Bainbridge Man Could Face Seven Years In Prison For Threatening Letters

By: Kevin Doonan

Bainbridge man could face seven years in prison for threatening letters

NORWICH – Michael D. Richardson, 36, formerly of Bainbridge, appeared in court Tuesday, charged with making a terroristic threat, a class D felony. By the end of the day, both District Attorney Joseph A. McBride and Richardson’s attorney had rested their cases, and a verdict is still pending as of this morning’s deadline.

It is alleged that Richardson – in July of last year and with the intent to intimidate or coerce a civilian population; influence the policy of a unit of government by intimidation or coercion; or affect the conduct of a unit of government by murder, assassination or kidnapping – placed threatening remarks in letters addressed to his estranged wife and mother-in-law stating his intent to perform acts of violence directed at a number of people including a judge, who, though not specifically named, is alleged to be recently retired Judge W. Howard Sullivan.

In the letter, which Richardson admitted to having written as well as mailed to his estranged wife and mother-in-law during his testimony Tuesday, Richardson describes how he wants to just “walk slowly up to the judge and place a .45 slug in between his eyes before jumping back into a stolen car.” The two letters contain a number of other remarks which could be construed as threatening as well, such as “these county offices are way too easy for me get my hands on.” Other people are also listed in the letters including employees of the county’s Child Services as well as a description of how Richardson could attain “high explosives” from an unspecified Newark, NJ, resident.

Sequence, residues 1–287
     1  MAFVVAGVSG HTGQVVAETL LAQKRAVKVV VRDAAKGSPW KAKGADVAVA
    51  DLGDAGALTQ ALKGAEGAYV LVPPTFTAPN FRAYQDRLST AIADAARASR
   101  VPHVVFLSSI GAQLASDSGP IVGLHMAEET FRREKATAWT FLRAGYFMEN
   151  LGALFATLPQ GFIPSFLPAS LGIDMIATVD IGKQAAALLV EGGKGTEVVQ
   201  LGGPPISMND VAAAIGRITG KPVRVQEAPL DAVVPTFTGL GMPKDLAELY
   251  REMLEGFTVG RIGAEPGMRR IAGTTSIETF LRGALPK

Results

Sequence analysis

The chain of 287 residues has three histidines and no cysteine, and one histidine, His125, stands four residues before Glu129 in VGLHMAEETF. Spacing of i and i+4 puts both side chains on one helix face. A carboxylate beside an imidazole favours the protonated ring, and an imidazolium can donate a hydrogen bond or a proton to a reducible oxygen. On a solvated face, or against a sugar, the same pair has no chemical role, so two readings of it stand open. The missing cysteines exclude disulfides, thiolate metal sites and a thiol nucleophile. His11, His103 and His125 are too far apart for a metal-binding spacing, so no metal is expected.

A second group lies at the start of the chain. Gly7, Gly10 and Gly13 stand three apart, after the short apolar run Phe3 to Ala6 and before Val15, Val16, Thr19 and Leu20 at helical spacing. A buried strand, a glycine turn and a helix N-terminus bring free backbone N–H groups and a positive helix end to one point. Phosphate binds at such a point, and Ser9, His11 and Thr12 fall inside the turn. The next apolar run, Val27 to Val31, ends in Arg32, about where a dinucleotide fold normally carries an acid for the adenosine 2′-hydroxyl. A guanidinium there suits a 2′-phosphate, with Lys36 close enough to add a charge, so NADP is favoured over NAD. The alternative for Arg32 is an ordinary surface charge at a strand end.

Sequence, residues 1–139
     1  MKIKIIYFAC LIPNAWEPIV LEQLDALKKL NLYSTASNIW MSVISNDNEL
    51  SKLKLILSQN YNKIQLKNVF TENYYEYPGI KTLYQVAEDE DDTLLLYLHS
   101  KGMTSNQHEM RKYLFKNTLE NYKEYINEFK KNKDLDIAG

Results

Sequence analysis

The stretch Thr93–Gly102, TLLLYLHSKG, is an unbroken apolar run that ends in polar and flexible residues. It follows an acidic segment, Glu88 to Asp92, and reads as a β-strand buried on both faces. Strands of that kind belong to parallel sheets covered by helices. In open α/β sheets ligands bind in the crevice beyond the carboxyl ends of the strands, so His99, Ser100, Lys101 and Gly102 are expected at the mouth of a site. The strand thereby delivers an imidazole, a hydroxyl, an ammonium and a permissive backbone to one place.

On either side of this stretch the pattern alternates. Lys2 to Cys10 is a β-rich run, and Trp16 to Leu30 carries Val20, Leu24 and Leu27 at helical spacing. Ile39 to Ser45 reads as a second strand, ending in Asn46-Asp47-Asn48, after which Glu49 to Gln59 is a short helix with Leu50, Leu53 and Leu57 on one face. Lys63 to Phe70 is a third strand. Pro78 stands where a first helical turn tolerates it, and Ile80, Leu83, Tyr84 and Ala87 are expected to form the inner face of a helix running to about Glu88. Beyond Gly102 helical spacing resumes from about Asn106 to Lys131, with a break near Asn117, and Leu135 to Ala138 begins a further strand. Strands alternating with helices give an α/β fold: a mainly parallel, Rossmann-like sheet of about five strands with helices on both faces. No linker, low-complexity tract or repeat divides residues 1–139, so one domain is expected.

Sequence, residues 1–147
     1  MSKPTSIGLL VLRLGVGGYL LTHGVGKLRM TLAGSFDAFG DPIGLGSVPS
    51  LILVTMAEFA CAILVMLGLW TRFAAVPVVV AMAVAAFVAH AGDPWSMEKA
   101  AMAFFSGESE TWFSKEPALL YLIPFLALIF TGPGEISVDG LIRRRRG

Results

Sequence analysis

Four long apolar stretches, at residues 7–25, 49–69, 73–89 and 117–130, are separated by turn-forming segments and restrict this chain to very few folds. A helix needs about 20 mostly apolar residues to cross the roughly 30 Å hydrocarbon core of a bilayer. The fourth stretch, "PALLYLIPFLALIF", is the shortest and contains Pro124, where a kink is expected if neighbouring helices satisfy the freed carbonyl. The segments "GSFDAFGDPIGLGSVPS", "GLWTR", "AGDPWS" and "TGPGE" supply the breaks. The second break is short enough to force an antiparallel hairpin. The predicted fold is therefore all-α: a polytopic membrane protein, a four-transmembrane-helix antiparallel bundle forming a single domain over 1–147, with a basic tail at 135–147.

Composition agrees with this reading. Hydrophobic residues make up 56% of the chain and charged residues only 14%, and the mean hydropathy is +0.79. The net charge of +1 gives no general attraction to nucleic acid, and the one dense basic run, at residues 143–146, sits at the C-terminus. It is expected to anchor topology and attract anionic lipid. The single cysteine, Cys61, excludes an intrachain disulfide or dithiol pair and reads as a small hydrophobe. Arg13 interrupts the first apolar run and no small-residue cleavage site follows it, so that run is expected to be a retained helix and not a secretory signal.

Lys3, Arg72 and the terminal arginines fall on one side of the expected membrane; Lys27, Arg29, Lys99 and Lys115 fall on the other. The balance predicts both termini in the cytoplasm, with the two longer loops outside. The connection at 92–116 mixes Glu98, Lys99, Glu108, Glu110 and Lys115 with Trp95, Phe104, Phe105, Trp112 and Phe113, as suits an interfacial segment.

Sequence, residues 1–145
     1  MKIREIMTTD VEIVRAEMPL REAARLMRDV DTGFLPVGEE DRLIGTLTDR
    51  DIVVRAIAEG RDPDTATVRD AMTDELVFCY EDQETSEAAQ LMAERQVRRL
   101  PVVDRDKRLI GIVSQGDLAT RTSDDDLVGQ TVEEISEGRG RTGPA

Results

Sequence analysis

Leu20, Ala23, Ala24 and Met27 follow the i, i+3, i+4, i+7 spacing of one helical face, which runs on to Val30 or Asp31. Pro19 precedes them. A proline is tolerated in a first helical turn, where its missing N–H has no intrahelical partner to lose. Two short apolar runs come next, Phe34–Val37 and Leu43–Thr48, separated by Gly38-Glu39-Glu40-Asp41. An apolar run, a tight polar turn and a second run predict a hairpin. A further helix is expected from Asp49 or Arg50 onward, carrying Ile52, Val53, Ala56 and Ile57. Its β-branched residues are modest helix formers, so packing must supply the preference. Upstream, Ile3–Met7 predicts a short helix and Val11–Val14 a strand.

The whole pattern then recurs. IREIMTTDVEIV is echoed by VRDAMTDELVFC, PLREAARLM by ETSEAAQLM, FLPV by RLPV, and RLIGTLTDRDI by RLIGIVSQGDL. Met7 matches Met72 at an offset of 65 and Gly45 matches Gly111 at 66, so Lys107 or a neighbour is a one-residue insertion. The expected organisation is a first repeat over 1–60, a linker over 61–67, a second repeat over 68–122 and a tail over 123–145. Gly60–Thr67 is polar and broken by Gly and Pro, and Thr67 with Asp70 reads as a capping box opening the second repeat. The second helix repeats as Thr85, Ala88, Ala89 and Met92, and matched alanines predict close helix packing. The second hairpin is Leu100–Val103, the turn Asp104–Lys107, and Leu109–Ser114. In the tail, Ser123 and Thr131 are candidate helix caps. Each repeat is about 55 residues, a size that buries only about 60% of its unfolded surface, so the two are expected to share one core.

During Richardson’s grand jury indictment last August, a not guilty plea was entered on his behalf by the court pending the assignment of an attorney to represent him. Throughout the proceedings, Richardson’s attorney maintained that, although the defendant did indeed write the letters, he never intended for them to reach Judge Sullivan’s hands or for that matter anyone other than who the letters were addressed to. Not only that, but that the actions described in the letters were not meant to be taken literally and were little more then the written expression of Richardson’s frustrations. Richardson also testified that when he wrote about wanting to place a .45 slug in between the eyes of a judge, it was in fact Town of Bainbridge Judge Randall Lambrecht. Richardson testified that, despite having admitted it was Judge Sullivan whom he was referring to earlier in the letters when writing about mocking a judge in open court and telling them he would “deal with him” when he got out of jail in three months.


The Evening Sun

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